The following is the law of conservation of momentum (in terms of velocity):

$$m_1\mathbf{v_1} + m_2 \mathbf{v_2} = m_1 \mathbf{v_1}^\prime + m_2 \mathbf{v_2}^\prime.$$

Does the law of conservation of momentum also hold for position and acceleration? Since position and acceleration are the $0$th and $2nd$ derivatives (of position), respectively, I suspect that it does. If so, then, putting the law of conservation in terms of position, we get

$$m_1 \mathbf{r_1} + m_2 \mathbf{r_2} = m_1 \mathbf{r_1}^\prime + m_2 \mathbf{r_2}^\prime.$$

I would greatly appreciate it if someone would please take the time to clarify this.

  • $\begingroup$ What you have written doesn't say alot about convervation of linear momentum and it is only true if $v=v^{\prime}$. You have written $(m_1+m_2)v = (m_1+m_2)v^{\prime}$. Does this look like a demonstration of conservation of linear momentum? $\endgroup$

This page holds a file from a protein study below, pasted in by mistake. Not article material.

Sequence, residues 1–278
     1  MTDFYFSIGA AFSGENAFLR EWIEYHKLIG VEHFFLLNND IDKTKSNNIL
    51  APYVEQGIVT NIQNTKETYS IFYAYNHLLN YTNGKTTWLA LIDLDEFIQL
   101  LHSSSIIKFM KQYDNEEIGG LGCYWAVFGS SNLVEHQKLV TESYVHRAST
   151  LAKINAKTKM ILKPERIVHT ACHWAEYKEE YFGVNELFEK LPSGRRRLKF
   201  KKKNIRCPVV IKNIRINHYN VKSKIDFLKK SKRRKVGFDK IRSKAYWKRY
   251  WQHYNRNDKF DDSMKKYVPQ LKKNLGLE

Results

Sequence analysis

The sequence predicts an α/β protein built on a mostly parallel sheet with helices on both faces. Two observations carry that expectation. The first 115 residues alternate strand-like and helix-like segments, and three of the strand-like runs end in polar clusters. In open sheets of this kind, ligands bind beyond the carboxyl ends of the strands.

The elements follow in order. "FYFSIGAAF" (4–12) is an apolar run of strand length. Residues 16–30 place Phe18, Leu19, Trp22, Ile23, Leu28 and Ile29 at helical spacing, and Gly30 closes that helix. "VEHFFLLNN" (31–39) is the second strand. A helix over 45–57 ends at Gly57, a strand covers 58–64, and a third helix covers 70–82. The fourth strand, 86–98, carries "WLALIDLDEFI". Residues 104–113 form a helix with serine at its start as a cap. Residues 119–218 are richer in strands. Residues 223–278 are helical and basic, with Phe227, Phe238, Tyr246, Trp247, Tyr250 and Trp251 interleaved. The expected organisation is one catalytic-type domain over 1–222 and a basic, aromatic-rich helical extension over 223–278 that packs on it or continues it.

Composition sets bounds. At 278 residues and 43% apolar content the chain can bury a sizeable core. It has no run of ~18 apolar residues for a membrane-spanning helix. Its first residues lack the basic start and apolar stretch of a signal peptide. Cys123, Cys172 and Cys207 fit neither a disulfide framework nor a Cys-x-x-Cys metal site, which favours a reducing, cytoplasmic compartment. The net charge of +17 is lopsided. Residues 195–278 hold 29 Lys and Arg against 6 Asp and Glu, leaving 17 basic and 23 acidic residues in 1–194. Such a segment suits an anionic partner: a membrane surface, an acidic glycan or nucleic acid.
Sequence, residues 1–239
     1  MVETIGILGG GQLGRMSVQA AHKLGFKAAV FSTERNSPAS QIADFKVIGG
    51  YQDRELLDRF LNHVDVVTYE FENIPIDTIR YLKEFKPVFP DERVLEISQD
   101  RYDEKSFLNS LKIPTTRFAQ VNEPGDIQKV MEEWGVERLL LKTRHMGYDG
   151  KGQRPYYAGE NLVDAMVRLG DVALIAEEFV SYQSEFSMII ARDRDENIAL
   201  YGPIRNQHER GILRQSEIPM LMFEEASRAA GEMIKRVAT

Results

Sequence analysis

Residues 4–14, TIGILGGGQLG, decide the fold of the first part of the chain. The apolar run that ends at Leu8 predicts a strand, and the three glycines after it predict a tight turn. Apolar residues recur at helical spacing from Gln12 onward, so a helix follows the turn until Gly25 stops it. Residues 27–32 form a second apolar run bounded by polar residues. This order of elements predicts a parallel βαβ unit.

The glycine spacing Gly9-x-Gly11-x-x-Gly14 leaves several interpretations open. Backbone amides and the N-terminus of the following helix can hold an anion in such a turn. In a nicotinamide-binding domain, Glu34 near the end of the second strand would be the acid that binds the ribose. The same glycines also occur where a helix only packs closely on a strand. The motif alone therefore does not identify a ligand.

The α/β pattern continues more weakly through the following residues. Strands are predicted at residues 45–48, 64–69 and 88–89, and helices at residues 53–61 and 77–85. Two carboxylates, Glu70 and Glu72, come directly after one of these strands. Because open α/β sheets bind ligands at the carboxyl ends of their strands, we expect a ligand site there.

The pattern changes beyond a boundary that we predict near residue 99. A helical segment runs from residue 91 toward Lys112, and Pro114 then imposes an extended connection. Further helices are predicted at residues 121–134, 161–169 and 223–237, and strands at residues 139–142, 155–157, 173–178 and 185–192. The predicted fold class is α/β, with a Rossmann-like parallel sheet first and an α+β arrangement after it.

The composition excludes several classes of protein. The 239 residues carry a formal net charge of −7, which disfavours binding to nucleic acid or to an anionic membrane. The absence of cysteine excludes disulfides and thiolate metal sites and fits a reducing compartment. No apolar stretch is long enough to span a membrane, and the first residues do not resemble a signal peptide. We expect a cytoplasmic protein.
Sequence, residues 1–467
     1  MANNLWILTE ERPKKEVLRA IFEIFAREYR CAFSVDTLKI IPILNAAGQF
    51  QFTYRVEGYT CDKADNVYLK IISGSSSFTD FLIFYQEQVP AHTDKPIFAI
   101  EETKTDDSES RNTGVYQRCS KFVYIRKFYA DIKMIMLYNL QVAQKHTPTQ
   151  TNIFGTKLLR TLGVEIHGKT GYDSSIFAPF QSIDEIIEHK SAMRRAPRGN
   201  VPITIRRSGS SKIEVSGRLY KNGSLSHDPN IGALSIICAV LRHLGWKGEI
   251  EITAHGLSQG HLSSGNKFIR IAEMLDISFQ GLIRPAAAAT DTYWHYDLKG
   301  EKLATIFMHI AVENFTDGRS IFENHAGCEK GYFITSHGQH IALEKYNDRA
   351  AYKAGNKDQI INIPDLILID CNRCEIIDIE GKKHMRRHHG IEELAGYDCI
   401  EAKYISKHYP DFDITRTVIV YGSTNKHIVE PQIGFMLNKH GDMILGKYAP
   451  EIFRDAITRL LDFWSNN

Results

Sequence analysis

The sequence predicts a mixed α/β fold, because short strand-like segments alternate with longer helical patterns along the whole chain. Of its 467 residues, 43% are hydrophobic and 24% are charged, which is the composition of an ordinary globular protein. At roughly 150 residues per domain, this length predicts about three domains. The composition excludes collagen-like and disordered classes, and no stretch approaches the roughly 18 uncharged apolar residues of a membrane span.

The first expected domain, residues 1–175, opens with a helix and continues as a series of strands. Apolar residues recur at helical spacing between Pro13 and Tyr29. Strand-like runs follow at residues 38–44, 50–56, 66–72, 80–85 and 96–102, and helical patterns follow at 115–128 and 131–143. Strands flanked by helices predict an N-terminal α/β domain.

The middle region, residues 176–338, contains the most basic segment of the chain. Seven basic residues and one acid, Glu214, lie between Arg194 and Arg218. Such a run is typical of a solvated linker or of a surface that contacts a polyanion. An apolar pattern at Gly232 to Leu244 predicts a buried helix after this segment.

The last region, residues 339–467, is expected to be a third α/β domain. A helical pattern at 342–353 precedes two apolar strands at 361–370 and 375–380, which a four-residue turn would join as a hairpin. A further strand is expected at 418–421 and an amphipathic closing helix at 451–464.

– K7PEH
    Jun 13 '20 at 2:56
  • $\begingroup$ I made some edits I believe reflect your intention. Please review $\endgroup$
    – Dale
    Jun 13 '20 at 3:00
  • 1
    $\begingroup$ @Dale I seemed to have written it incorrectly. Thanks for the edit. $\endgroup$ Jun 13 '20 at 3:07

Conservation of position is not valid. Consider an isolated point particle of mass $m_1$ moving inertially at some non-zero velocity. For such a particle $m_1 \mathbf r_1 \ne m_1 \mathbf r_1’$ and since it is isolated $m_2=0$. So the proposed conservation equation does not hold.

In general it does not hold whenever the center of mass of the system is moving.

  • $\begingroup$ What about in the case of this problem physics.stackexchange.com/q/559023/141502 ? If you refer to that problem, you’ll see why I asked this question and be able to infer what I’m trying to do here. I didn’t want to add too many details to this question and make it unfocused, so I left out all of this stuff and just asked the question in a focused and isolated way. $\endgroup$ Jun 13 '20 at 3:00
  • $\begingroup$ Sorry, I saw that question earlier but didn’t have a good answer. But regardless of that question, the conservation of position isn’t valid. $\endgroup$
    – Dale
    Jun 13 '20 at 3:04

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